I am currently a PhD student in early American history at Yale University, after receiving my B.A. with Honors in History from The City College of New York.
My primary field is early American history, in which I focus on eighteenth-century political culture and intellectual history. I am especially interested in the later colonial period and the coming of the American Revolution, primarily in the middle colonies. I am also interested in the Enlightenment in America, print culture, history of the book, and the history of New York City.
Some of my previous research has focused on the political economy of popular resistance in New York City during the imperial crisis, the Enlightenment in print in colonial New York, and the cultural conflict between the first generation of native-born, High-Church Anglican clergy and the dissenting intelligentsia in the middle colonies during the 1740s and 1750s.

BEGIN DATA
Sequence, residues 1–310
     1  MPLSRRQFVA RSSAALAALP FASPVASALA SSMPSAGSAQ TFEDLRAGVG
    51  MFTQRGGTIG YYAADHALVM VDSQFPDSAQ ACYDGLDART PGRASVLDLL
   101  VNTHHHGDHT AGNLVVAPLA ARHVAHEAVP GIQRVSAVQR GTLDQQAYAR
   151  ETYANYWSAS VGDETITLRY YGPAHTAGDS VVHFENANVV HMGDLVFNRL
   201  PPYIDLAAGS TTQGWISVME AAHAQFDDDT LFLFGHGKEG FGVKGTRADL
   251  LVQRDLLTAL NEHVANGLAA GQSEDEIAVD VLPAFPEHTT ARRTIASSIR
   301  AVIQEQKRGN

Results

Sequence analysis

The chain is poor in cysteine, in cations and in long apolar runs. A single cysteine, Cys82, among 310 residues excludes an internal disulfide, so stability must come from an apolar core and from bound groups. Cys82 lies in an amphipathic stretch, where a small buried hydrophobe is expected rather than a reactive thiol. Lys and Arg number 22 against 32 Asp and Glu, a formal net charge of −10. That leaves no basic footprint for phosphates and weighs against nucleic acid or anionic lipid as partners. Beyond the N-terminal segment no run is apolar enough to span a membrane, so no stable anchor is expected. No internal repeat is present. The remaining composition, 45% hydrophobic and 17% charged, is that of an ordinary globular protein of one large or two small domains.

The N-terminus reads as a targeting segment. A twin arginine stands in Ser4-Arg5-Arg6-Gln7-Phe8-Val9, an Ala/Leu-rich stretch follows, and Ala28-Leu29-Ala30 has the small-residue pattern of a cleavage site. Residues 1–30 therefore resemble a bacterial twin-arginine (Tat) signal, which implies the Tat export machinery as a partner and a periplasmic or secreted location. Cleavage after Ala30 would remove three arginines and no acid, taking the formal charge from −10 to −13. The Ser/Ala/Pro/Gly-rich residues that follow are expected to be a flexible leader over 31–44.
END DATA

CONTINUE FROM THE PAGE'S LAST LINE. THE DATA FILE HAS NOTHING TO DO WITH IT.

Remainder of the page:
My current research (and eventual dissertation) explores cultural memory in British North America, specifically colonists’ historical memory of the Revolution of 1688 and the English Civil Wars and the ways in which it shaped colonial political culture and discourse, colonial imperial identity, and internal religious conflict and competition.
I also write about the intersections between the eighteenth century and our current political culture. In addition to The Junto, I have contributed to “Publick Occurrences 2.0” at Common-place and wrote a piece on young historians and social media for Readex’s quarterly publication and blog, which was included in the AHA’s weekly “What We’re Reading.” I am also currently a Research Assistant at the Papers of Benjamin Franklin.